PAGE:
Amaechi an attraction in Magic Kingdom

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The Independent Online

It was big news in Britain in 1997 when John Amaechi, an Englishman who had NBA experience, arrived in Sheffield and led the Sharks to the Uni-ball Trophy.

It was big news in Britain in 1997 when John Amaechi, an Englishman who had NBA experience, arrived in Sheffield and led the Sharks to the Uni-ball Trophy.

But now an even a bigger story is unfolding in Florida where Amaechi has returned to the world's elite basketball league to help the Orlando Magic prove there is life after Penny.

Anfernee 'Penny' Hardaway, the last vestige of the Orlando team which reached the NBA Finals in 1995, was traded to the Phoenix Suns in August for journeymen players and future draft picks.

His departure followed the summer trades of Horace Grant to Seattle and Nick Anderson to Sacramento. Shaquille O'Neal, the 7ft giant, had left before the 1996-97 season.

Orlando, in rebuilding mode, signed Amaechi to a $31,000 (£20,000) contract until the start of the season and gave him a chance to make the squad.

The forward/centre, just a few months removed from leading England on their tour of Hungary, did make the team - and has paid big dividends.

His 18 points in 29 minutes in a comeback win over Houston has turned him into a celebrity in Disneyland.

"As much as anyone," the Orlando Sentinel wrote today, "he (Amaechi) typifies their odd collection of cast-offs, youngsters and over-achievers who have banded together to prove they are more than just taking up space until management taps into the next college draft and free-agent market."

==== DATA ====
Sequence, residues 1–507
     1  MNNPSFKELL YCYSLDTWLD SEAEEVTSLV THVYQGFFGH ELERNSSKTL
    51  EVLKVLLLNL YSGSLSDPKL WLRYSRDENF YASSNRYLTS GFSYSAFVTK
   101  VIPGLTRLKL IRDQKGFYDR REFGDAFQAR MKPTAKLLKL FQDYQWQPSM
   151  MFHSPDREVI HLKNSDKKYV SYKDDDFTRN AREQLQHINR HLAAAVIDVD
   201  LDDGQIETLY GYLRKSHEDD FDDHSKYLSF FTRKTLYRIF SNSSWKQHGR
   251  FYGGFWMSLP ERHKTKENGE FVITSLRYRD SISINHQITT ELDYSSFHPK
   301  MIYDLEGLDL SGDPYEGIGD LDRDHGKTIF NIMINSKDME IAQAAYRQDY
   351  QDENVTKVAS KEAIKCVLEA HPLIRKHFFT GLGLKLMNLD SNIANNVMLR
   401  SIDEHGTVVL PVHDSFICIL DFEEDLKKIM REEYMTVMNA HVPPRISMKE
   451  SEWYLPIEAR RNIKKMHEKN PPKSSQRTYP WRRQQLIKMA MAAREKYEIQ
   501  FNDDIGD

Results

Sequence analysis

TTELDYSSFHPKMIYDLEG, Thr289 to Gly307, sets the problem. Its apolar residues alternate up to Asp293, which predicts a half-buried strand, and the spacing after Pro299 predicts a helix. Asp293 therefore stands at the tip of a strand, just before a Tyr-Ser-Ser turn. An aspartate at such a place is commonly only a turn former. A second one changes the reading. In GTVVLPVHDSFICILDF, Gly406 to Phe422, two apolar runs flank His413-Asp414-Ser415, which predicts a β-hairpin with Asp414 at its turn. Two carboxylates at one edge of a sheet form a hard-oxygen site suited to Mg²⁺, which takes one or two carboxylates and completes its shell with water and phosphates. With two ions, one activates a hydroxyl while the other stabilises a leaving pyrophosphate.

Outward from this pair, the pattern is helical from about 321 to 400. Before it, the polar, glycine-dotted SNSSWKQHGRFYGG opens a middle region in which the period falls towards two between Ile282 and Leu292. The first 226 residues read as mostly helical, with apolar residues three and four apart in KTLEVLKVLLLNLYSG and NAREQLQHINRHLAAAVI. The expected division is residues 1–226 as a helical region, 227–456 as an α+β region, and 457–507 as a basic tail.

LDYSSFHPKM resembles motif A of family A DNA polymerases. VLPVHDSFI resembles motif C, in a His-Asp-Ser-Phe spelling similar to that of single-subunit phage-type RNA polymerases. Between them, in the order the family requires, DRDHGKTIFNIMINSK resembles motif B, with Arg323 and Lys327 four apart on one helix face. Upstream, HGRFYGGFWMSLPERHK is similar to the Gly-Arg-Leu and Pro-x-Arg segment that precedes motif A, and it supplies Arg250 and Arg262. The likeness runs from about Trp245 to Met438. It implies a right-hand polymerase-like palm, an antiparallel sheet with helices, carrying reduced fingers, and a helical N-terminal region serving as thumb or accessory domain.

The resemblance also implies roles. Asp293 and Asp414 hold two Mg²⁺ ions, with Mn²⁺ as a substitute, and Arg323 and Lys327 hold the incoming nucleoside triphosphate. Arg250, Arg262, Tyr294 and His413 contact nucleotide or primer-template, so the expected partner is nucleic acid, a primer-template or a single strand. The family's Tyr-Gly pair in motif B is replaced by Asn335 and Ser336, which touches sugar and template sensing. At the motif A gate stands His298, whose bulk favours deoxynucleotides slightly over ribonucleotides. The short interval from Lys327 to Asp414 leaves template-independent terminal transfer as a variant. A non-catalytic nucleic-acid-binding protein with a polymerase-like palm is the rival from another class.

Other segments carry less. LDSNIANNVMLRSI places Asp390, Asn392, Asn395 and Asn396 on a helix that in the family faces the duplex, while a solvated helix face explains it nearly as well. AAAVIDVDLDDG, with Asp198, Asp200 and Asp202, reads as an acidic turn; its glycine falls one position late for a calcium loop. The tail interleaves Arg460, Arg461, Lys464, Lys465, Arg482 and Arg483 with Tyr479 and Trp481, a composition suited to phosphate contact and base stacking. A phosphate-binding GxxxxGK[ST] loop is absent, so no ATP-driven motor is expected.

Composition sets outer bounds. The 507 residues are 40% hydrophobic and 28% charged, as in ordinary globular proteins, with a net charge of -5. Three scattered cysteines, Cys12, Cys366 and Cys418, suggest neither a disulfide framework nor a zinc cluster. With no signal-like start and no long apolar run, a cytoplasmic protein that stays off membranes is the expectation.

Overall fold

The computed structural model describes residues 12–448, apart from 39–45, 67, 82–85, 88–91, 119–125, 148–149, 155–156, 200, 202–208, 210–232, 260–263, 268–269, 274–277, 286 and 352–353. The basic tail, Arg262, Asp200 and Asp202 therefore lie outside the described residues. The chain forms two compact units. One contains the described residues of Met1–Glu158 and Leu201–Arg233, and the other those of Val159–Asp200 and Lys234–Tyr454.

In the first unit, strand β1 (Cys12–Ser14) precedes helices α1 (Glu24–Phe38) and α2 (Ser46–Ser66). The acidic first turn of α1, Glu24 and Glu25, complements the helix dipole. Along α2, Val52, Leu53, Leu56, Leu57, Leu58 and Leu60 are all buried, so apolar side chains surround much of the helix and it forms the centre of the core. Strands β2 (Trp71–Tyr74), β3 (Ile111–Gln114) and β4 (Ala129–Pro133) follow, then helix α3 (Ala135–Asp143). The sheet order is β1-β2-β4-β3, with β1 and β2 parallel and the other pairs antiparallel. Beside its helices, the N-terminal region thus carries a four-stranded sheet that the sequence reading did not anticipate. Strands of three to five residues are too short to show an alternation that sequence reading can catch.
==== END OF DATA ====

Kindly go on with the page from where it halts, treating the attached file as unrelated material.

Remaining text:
"I can't jump. I'm not a great athlete. I'll never be a great player, never," said Amaechi, who leads the Magic against Philadelphia tomorrow night.

"But I think I'm capable. I can play a role with this team. That's why this has been so satisfying."

Amaechi has played in four of the five Orlando games, averaging 11.8 points and two rebounds per contest. He has made 19 of 22 from the free-throw line.

"No question, John has been huge for us," said rookie head coach Doc Rivers.

"At times, we've had to ride him. I can't say I'm totally surprised because he did that in the summer league for us. But that was against guys who aren't in the NBA now. I'm not sure we knew what to expect."

Among the players he has outplayed - Rockets centre Hakeem Olajuwon, a player in the twilight of career but one who is bound for the Hall of Fame, and Washington big man Isaac Austin - a high-priced flop in Orlando last season.

Some people in England probably wanted to see Amaechi, who has also had stops in Greece, Italy and France over the past three years, fail.

He has been one of the loudest critics of the running of the game in this country, having frequently blasted away at the Basketball League for allowing too many Americans on club rosters, and hitting out at the English Basketball Association for failing to support the national team, even calling the EBBA "negligent".

Amaechi called the Outdoor Basketball Initiative, a multi-million pound scheme which instals outdoor basketball goals around the country, a waste of money, declaring the money could have been better spent building indoor facilities.

He was not popular at the Sharks, where his play, and crusades deflected attention away from his team-mates. Amaechi was not given the Sharks' most valuable player award.

Many scoffed at his chances of returning to the game's biggest stage, where he first played in 1995 with the Cleveland Cavaliers.

It is clear, though, that England coach Laszlo Nemeth will miss Amaechi, who will not play in England's European Championship semi-final games against Switzerland, the Slovak Republic and Latvia since the NBA do not release players for internationals.

Nemeth will miss his work ethic, leadership and honesty.

"I admit my game is ugly, and it's probably disappointing to some fans, but it's effective," Amaechi said. "I hope that's enough."